The successful shipping of meats, fruits, milk, and othervegetables under refrigeration made more foods available to everyone. Itwas no longer necessary for every community to own a slaughterhouse.

It took the extremely mild winter of 1889-1900 and theshortage of ice caused from this to bring mechanical refrigeration intouse. This demand for ice led to the building and operation of many artificialice-making plants. The first automatic home refrigerator was placed on themarket in America in 1918.

The different types of refrigeration beside our modernelectric refrigeration used in the past and at the present were the Gasand Steam-Jet refrigeration.

The gas refrigerator used heat energy as a source of powerand has no moving parts. Liquid ammonia usually serves as a refrigerant.This refrigeration is used today mostly in mobile homes, and in campers.It comes in handy in places where there is no electricity. The Amish, areligious group of people who don't believe in using electricity, also usethis type of refrigerator.

The steam-jet refrigerator uses only water as a refrigerant.It works on the principle that water vaporizes easily under low pressurelike that in a partial vacuum. Steam-jet refrigerators produce practicallyno noise or vibration, occupy little space and have no moving parts excepta pump. Steam-jet refrigeration has wide use in industrial and shipboardcooling. Brewers and distillers also make use of this type of mechanicalrefrigeration.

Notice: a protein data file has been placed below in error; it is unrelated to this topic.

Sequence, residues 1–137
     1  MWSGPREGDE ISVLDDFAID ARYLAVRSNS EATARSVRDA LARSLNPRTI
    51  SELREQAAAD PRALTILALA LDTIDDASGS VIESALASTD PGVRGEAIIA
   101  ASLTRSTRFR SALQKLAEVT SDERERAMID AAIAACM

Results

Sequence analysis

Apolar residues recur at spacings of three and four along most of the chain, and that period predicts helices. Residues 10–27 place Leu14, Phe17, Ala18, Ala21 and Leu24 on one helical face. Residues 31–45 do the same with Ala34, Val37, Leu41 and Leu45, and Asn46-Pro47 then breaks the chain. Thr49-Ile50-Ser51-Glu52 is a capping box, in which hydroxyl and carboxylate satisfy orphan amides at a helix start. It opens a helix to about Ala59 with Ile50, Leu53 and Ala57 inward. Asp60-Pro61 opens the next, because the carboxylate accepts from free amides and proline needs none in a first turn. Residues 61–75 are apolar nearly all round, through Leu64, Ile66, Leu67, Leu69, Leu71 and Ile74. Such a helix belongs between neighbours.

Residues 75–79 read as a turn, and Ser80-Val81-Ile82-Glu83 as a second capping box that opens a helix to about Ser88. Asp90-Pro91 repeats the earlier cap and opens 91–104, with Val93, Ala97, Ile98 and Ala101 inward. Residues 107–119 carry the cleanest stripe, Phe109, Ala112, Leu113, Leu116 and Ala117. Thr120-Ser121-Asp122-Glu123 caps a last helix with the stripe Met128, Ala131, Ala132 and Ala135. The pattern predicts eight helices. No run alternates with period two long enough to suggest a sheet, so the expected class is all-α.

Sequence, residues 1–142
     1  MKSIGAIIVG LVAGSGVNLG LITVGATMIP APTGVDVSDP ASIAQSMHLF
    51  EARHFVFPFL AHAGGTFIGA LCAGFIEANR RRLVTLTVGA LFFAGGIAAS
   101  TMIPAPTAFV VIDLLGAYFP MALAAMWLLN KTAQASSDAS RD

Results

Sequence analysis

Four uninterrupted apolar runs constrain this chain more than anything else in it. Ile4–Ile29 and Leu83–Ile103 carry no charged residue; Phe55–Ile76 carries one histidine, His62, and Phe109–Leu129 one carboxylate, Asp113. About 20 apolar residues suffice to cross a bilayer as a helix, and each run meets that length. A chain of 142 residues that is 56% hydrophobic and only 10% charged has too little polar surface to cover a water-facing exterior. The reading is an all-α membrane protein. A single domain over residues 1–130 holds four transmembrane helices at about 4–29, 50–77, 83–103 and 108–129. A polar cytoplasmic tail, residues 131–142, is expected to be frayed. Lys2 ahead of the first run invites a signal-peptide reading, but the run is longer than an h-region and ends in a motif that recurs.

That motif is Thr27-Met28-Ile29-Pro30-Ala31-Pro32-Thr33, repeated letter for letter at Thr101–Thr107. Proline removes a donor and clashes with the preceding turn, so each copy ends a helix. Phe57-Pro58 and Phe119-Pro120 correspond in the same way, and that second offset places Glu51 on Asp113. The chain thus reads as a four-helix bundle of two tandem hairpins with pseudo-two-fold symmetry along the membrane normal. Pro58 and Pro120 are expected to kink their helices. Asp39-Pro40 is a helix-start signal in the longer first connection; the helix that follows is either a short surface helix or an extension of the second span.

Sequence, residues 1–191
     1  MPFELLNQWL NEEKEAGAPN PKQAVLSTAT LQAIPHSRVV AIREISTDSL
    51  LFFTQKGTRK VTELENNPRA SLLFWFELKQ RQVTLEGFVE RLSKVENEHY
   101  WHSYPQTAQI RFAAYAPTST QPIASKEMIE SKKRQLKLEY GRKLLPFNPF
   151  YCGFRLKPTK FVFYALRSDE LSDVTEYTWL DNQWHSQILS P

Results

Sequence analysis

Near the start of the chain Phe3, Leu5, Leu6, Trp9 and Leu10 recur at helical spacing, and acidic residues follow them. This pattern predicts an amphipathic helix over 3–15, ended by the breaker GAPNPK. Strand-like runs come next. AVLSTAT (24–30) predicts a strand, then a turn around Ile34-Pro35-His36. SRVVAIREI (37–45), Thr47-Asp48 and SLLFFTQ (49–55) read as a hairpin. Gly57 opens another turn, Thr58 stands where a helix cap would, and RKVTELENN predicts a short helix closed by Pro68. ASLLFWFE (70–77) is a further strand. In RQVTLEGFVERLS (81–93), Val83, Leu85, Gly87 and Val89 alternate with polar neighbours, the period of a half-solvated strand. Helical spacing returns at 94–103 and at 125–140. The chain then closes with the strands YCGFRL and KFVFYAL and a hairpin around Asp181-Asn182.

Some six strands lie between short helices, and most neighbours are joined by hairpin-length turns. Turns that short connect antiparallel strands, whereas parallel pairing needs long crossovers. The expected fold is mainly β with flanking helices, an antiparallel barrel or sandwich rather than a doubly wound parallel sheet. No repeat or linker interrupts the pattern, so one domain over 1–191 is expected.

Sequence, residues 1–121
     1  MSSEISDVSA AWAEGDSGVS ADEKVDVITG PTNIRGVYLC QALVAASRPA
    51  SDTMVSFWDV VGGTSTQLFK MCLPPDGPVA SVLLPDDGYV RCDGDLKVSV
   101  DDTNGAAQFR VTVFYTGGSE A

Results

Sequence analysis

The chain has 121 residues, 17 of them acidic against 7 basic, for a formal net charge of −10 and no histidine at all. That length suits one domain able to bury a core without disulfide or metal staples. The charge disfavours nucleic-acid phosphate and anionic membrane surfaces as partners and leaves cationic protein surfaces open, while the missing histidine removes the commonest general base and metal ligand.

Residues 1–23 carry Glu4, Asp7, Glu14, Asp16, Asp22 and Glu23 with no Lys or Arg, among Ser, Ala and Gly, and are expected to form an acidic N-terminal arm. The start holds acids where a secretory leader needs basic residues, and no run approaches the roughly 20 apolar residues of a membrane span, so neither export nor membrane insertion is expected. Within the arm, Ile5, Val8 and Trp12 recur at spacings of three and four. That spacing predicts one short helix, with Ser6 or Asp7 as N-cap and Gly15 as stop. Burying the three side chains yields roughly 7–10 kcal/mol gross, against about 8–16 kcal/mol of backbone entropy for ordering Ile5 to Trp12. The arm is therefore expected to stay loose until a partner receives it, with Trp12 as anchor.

Defrosting is probably the most important part of caringfor a refrigerator. The coating of frost that collects on the freezing unitacts as an insulation and interferes with the cooling of the refrigerator.Because of this, the refrigerator has to be defrosted regularly, as muchas most housekeepers detest the job.

Most American homes today have electric or gas refrigerators,in which perishable foods can be stored for a week or more. Ice cubes canbe frozen and many foods can be kept for months in the freezer part of therefrigerator, or in a separate home freezer. Families here in the Red RiverValley often buy meats and other foods when they are plentiful and cheapand package and store them in freezer lockers for future use.

The refrigerator has advanced a long way, as everythingour parents and grandparents used to have also have been modernized. Theair conditioner, the stove, the heaters, the automobile and many more. Theseappliances have been modernized through hard working research that beganin the beginning of time. It will continue to work this way as long as weare concerned about the future of our great Country.

Bibliography

Blegen, Theodore C., Building Minnesota. Copyright 1938

Boardman, Fon W., The Thirties, America and the Great Depression.Copyright 1967

Eckert, Allan W., The Frontiersman. Copyright 1967

Giffen, Donald, Humboldt, MN, Interview, January 24, 1975

Giffen, Dorothy, Humboldt, MN, Interview, January 24, 1975

Robison, Mabel Otis, Minnesota Pioneers, Copyright 1958

Sparks,l Edwin E., PhD, The Expansion of the American People

Time-Life Books, This Fabulous Century. 1920-1930

(1) Mabel Otis, "Minnesota Pioneers" Copyright1958his Fabulous Century. 1920-1930

(1) Mabel Otis, "Minnesota Pioneers" Copyright1958